This is a great start, but c’mon guys, where are the rest of you? Dr. Brody wrote you a “prescription.” We have a term for your behavior: “noncompliance.”
Not to say that there hasn’t been some progress. The ABIM Foundation has indeed put together an impressive list of organizations participating in their “Choosing Wisely” campaign. They also have begun to be instrumental in funding projects towards this goal. Costs of Care has highlighted far-reaching areas of non-value-based care, including a recent thoughtful essay about robotic surgery. We must now consolidate on these small gains and move this forward across all specialties in medicine.
Continue reading “The Letterman Approach to Cost Awareness”
Filed Under: Costs of Care, Uncategorized
Tagged: ABIM, Checklists, Choosing Wisely, cost awareness, Costs, UCSF
Apr 6, 2012
The concept of practice variation raised its ugly head again this weekend in the northern California news media. And buried in the stories are several themes for our ages. But the conclusion is, the power of individual health systems and very small numbers of physicians to change patterns–and the cost–of care are enormous.
First the stories. Both about health care but also both revealing the future of investigative reporting. The BayCitizen is a non-profit blog about the San Francisco metro, created as response to the local papers cutting their reporting. It also provides stories to the NY Times–I’m unaware about how much of its revenue comes from the Times, but it’s part of the Times’ entry into non-NY competition with retreating local papers.
For this story on heart program readmission Katharine Mieszkowski picked up on an older UCSF press release and showed how UCSF used a $500K+ donation from the Gordon & Betty Moore Foundation (that’s the Moore of Intel & Moore’s law fame) to create a very sensible program that gave in-home support to newly discharged elderly cardiac patients. It cut readmission rates by 30%. The BayCitizen though will upset Gary Schwitzer as it did not include the actual numbers but the UCSF press release does, and yes this is a relative not an absolute cut. Here’s the key graf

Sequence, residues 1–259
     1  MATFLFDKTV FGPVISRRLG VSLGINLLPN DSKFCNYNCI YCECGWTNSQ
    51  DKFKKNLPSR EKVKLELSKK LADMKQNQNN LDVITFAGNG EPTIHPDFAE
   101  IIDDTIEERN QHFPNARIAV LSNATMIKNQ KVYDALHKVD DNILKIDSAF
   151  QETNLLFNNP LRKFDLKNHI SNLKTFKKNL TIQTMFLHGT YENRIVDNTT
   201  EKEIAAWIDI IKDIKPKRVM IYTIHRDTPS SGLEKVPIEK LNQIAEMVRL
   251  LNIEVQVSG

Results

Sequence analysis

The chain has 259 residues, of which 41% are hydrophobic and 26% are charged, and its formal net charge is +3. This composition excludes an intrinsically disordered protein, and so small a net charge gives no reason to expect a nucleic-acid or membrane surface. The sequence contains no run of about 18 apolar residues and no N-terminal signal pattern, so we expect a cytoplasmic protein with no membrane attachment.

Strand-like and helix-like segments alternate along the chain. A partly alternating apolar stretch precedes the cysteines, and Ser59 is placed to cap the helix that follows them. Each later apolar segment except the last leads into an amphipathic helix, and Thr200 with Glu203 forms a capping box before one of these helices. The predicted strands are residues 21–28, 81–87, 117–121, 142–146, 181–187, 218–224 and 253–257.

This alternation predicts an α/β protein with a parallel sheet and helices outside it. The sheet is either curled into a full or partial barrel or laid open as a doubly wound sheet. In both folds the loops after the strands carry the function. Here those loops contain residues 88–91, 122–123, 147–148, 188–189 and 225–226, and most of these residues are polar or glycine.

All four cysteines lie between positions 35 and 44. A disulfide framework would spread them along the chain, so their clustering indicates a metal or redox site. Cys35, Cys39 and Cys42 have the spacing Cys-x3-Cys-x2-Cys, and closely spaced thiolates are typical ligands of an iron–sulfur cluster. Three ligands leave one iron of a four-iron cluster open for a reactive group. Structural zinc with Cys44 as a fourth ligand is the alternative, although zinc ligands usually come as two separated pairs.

Over the past 11 months, only 16 percent, on average, of the hospital’s heart failure patients were readmitted within a month of discharge, down from 23 percent in 2006. That’s well below the national 30-day readmission rate of 25 percent. The average readmission rate was 11.6 percent during the first four months of 2011.
So UCSF was about average and got much better and seems to be getting better still–but there’s quite a way to go. But it is an indication that at least one AMC is capable of moving the ball in the right direction. Of course UCSF is a leader in the pro-Dartmouth “use resources sensibly” camp, and we may or may not see the “keep em alive at all costs” folks at UCLA follow suit.
Meanwhile up in rural northern California it looks like the same Dartmouth data set is about to bring a series of visits from the FBI. Continue reading “Hearts on Fire: a Tale of Two Californias”
Filed Under: Matthew Holt, THCB
Tagged: cardiology, Dartmouth, St Helena, stents, UCSF
Sep 6, 2011
I thought I was an oddball in college. I’ve only recently learned that I was avant-garde.
Right before beginning college in 1975, I decided I wanted to be a doctor. Being the first-born son – with decent SATs – of an upwardly mobile Long Island Jewish family, I had relatively little choice in the matter. Notwithstanding this predestiny, I felt confident that medicine was a good fit for my interests and skills.
But on my med school interviews four years later, I stumbled when the time came to answer the ubiquitous, “Why do you want to be a doctor?” question. The correct (but hackneyed) response, of course, is “I like science and I want to help people.” You’ll be comforted to know that I had no problem with the helping people part. It was the science thing that threw me for a loop.
It wasn’t that I didn’t like science, mind you. I found biology interesting, and organic chem was kind of cool, in the same way that Scrabble is. But I barely tolerated Chem 101, and disliked physics. Continue reading ““I Like (Political) Science and I Want to Help People””
Filed Under: Medical Students
Tagged: Penn, Physicians, Political Science, primary care, Science, UCSF
Aug 4, 2010